Mauritanians vote on president after tense run-up
( 2003-11-07 09:33) (Agencies)
Mauritania's main opposition candidate in Friday's presidential election, who was briefly detained by police on the eve of the poll, said he would not have victory snatched away by fraud.
Mauritania's President Maaouya Ould Sid'Ahmed Taya is facing his toughest electoral test after 19 years in power, with five challengers gunning to remove him from office. Diplomats say he may be forced to contest a tense second round.
Taya has ruled the former French colony with an iron fist since he ousted his main challenger, Mohamed Khouna Ould Haidalla, from the presidency in 1984. Power has never changed hands through the ballot box since independence in 1960.
Police grabbed Haidalla at his home on Thursday and the state prosecutor said he was suspected of plotting to take power by force again, rather than through the democratic process.
Released late on Thursday with no charge, the former military ruler issued a warning ahead of polling, which starts on Friday at 7 a.m. (2 a.m. EST).
"If the election is regular, I will be the first to recognize that I've lost, if I've lost, but I will not let them steal my victory," he told Reuters. He did not elaborate.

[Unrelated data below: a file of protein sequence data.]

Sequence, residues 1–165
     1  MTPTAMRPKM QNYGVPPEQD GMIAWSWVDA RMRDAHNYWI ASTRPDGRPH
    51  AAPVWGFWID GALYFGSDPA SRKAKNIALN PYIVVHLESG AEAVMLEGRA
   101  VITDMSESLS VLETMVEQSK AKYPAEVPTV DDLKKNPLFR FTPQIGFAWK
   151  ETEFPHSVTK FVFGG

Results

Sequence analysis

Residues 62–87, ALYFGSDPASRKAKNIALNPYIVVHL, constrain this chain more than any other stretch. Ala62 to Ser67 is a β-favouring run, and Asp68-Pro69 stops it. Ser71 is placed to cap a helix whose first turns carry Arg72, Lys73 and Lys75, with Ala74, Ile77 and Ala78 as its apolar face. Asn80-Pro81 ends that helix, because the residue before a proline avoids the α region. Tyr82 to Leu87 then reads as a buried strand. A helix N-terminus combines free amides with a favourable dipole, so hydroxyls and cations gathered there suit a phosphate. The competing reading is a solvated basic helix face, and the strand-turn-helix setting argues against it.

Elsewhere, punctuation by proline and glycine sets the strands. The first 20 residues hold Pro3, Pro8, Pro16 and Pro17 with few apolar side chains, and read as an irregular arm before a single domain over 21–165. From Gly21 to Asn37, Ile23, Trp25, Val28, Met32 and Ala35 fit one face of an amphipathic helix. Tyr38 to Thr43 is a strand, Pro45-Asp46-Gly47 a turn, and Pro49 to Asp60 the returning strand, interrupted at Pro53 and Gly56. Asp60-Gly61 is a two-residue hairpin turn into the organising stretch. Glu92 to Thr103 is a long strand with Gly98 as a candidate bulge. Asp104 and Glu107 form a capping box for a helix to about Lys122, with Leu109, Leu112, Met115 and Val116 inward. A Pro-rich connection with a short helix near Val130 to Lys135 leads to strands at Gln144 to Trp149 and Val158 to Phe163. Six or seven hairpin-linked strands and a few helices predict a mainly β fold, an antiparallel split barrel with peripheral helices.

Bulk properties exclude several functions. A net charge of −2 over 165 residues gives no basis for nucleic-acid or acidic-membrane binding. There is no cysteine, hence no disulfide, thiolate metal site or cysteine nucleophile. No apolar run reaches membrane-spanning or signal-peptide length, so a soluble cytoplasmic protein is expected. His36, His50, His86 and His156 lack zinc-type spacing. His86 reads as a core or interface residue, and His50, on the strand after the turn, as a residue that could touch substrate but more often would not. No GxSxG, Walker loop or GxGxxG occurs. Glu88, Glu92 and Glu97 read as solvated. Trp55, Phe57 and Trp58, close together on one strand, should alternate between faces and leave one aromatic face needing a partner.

Mauritania is a poor country straddling black and Arab Africa with little more than 500 miles of paved roads. But many hope the discovery of offshore oil will enrich its 2.9 million inhabitants.
Taya angered some Arabs at home after he performed a stark diplomatic about-turn - shifting from support for former Iraqi President Saddam Hussein to establishing full relations with Israel and moving close to the United States.
Five months ago, renegade soldiers tried to depose Taya but the uprising was swiftly crushed and the president clamped down on the Islamic radicals he blamed for the attempted putsch.
For the election, Haidalla, who first seized power for himself by force in 1980, has assembled a broad coalition of backers ranging from reformist liberals to Islamic radicals.
Friday's poll has been sullied by allegations of foul play and the opposition, which includes a descendant of slaves and the first woman to run for president in the Islamic republic, has accused Taya of rigging past elections.
"My message to my people is to go to the polls in large numbers and make sure there is no fraud," Haidalla said.
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